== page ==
Answer: Regardless of the industry, the first step is to obtain management support for information security initiatives, because without this you won't have the minimal resources and engagement to implement the required controls. Second, you have to establish a systematic approach for the implementation, because you have to coordinate several people to perform dozens of activities, and without a methodology you will finish inside a huge mess with no security at all. Finally, the start of your journey has to define what you will protect and what you will not, i.e. the information security scope, so you can focus on what really matters.
2. Once the initial Risk Assessment is done, what approach would you recommend to continue?
Answer: Once Risk Assessment is done, and you have your relevant risks prioritized, you have to define how risks are to be treated. The most common alternatives are mitigate the risk, transfer the risk, avoid the risk, and accept the risk. After risk treatment definition you have to define which security controls you have to implement (e.g., backup to mitigate a data loss risk, outsource processes for which you do not have the proper expertise to run them, stop a process or activity to avoid a risk, or simply do nothing and accept the impacts of the risk in case it occurs). The treatment selection will depend on your available resources, time to implement and tolerance to risk.
3. Which key documents do you suggest a company should publish in initial stages of InfoSec process ? One of the challenges that I have is writing procedures/policies. It might sound ridiculous, but coming from a Technical background, I always had issues with the legalese writing and putting processes things in writing. I often requested about purchasing the template kit from Advisera, but never got around to having an approval for funding. Instead I have to scrape around various models and try to make use of the many university templates around the web. But the fact that the processes are vastly different with my situation remains a challenge.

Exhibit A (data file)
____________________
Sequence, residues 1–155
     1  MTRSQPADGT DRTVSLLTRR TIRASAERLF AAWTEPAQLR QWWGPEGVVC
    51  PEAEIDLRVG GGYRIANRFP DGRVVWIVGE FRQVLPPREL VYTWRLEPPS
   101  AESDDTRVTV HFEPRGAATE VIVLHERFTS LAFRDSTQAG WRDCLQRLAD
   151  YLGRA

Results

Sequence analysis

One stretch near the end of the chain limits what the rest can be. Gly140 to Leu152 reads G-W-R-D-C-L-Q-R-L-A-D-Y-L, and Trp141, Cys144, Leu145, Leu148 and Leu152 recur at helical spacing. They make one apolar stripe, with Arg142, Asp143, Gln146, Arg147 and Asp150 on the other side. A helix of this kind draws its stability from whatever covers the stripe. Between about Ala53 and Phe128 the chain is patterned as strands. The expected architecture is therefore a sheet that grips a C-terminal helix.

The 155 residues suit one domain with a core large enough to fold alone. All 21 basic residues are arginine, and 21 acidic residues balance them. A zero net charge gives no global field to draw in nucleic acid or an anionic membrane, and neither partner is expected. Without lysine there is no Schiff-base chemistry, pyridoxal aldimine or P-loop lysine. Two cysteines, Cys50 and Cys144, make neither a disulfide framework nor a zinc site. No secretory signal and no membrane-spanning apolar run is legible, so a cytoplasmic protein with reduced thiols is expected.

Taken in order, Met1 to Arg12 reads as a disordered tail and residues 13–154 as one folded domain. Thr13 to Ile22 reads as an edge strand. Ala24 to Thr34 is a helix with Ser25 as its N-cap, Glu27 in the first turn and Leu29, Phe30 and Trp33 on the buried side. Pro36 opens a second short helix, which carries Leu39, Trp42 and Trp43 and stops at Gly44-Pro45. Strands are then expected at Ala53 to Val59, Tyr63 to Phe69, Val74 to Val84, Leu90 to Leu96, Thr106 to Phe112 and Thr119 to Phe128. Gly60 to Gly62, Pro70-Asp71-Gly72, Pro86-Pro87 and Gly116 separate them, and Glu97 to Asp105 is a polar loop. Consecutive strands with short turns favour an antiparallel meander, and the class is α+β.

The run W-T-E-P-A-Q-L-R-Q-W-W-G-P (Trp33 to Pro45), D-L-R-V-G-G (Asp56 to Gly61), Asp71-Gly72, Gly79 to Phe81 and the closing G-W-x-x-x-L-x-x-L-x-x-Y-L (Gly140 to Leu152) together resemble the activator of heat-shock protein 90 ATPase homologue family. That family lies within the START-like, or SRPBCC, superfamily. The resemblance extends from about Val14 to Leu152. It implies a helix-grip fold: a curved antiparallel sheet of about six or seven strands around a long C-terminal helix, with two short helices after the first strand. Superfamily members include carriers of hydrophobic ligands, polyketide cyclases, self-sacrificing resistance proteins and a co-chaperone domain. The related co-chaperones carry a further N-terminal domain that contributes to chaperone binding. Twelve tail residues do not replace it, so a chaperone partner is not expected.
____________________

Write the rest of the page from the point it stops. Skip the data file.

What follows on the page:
Answer: Not considering ISO 27001, the minimal documents and records you should consider to start an information security process would be:
- Scope of the information security
- Information security policy and objectives
- Risk assessment and risk treatment methodology
- Risk treatment plan
- Definition of security roles and responsibilities (clauses A.7.1.2 and A.13.2.4)
- Acceptable use of assets
- Access control policy
- Incident management procedure
- Monitoring and measurement results
- Results of corrective actions
With these you can ensure a PDCA cycle is established and that the minimal (really minimal) information security process is in place and will be kept relevant to the business. I didn't mention other polices and controls because this will depend on the results of risk assessment.
Regarding documents elaboration, trying to put together a document from pieces of other documents in fact is not a good approach for at least two reasons:
- If you do not have the proper information security expertise, probably some gaps will be left on your documentation, compromising your security efforts.
- Creating such documents takes time, and if you are not paying for them directly, the working hours involved in this activity probably will cost more then buying templates with general parts already ready for use, leaving behind only to include the details of your organization. In our experience, documents elaboration takes from 4 to 16h to be developed (depending upon their complexity).